It saves employee time, lost phone messages, and the three-day time delay often associated with surface mail . It avoids twisty means of transferring data, for example printing a document, faxing it, and then re-typing the data at the receiving end in order to save it as an electronic file It allows the company and individuals to publish and distribute their work efficiently, while attaining a high and consistent quality in textual or graphical appearance. It provides access to information, allows communication and distribution of documents in a single, uniform fashion.

20 Standardisation (examples include the use of EDI and bar coding),
Besides acting as a means for general management and processing of project and company information, there are other ways in which IT has been taken on by construction. These developments affect the construction process itself and can be categorised into four main areas. Standardisation (examples include the use of EDI and bar coding), Visualisation (comprising CAD, VR, and Augmented Reality), Communication (including , video/data conferencing, Intranets), and Integration (employing info-bases and project specific databases).

21 Detailed proposals: Preparation of detailed proposals
The RIBA Plan of Work is a well-recognised process protocol that describes the CONSTRUCTİON PROCESS in 11 stages(5 phases) Appraisal: Identification of client’s requirements and possible constraints on development. Strategic Briefing: Preperation of a strategic brief confirming key requirements and constraints. Identification of procedures, organisational structure and range of consultants and others to be engaged in the project. Outline proposals: Starategic brieffull project brief, estimate and cost. Detailed proposals: Preparation of detailed proposals Final proposals: Preperation of final proposals for the project sufficient for co-ordination of all components and elements of the project. Production ınformation: Preperation of production information for tender Preperation of further production information required under the building contract. Tender documentation: preperation of TD in sufficient detail. Tender action: identification and evaluation of potential contractors and specialists for the construction of the project. Obtaining and appraising tenders. Mobilisation: Appointing contractor, issuing production information to the contractor and arranging site handover to the contractor. Construction to practical completion: After practical completion: Final inspections and settling the final account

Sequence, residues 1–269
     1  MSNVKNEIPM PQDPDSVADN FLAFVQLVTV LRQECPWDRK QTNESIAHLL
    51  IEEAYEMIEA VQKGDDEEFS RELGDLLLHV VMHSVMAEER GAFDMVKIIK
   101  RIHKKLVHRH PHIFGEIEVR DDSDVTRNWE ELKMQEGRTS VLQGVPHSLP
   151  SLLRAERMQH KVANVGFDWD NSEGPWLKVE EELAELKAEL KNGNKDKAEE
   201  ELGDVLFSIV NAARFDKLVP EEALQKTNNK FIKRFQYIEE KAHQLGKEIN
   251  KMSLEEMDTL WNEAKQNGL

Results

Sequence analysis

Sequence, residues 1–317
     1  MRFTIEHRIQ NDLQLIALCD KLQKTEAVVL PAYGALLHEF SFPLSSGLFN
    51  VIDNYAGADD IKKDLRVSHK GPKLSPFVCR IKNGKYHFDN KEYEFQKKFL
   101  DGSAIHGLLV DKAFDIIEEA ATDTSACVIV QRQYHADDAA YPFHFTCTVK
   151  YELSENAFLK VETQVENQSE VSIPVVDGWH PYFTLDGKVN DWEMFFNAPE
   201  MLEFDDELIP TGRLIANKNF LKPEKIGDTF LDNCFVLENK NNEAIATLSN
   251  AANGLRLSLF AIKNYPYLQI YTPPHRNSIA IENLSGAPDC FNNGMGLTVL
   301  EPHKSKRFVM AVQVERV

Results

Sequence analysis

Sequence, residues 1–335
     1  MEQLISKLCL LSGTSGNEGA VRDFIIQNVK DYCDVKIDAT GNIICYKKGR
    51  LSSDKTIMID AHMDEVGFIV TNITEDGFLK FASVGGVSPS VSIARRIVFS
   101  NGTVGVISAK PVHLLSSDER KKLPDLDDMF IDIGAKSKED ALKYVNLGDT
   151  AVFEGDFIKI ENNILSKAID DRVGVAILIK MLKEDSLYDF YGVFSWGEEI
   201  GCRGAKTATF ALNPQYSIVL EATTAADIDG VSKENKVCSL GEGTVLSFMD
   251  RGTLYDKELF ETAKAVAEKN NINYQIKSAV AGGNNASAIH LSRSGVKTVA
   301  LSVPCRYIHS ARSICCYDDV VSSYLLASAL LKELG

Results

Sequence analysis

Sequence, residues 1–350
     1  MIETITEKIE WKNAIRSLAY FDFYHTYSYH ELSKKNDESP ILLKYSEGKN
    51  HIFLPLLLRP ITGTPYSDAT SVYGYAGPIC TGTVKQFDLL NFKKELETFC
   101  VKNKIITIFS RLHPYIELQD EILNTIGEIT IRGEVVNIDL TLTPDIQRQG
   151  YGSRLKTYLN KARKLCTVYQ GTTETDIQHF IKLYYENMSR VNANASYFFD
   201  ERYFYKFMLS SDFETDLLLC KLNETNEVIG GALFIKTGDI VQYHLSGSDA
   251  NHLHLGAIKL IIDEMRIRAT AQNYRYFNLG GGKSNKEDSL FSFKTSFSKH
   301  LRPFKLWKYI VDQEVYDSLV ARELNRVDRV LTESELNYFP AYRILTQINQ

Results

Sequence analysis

22 These eleven stages can be divided into five phases:
Requirement analysis phase includes Appraisal and Strategic briefing. Design phase covers the Outline, Detailed and Final proposals, and Production of Information stages. Tendering phase covers the Tender documentation and Tender action stages. Construction phase covers the mobilisation and Construction to Practical completion stage. Maintenance phase covers the After practical Completion stage.

23 Visualisation The impact of developments in visualisation on construction processes has been in the area of digitising information, which previously had been in paper format. This not only improves the quality and visual effect of construction information, it also eliminates much re-drafting associated with the design process. Developments in information technology are changing the way that construction teams generally, store, transmit, and co-ordinate information. Over the past decade, many design firms have moved toward digital production of construction documents. Specifications, standards, permits, licences, and other text based construction documents are increasingly produced using word processing software or spreadsheets.

24 Communication and data exchange tools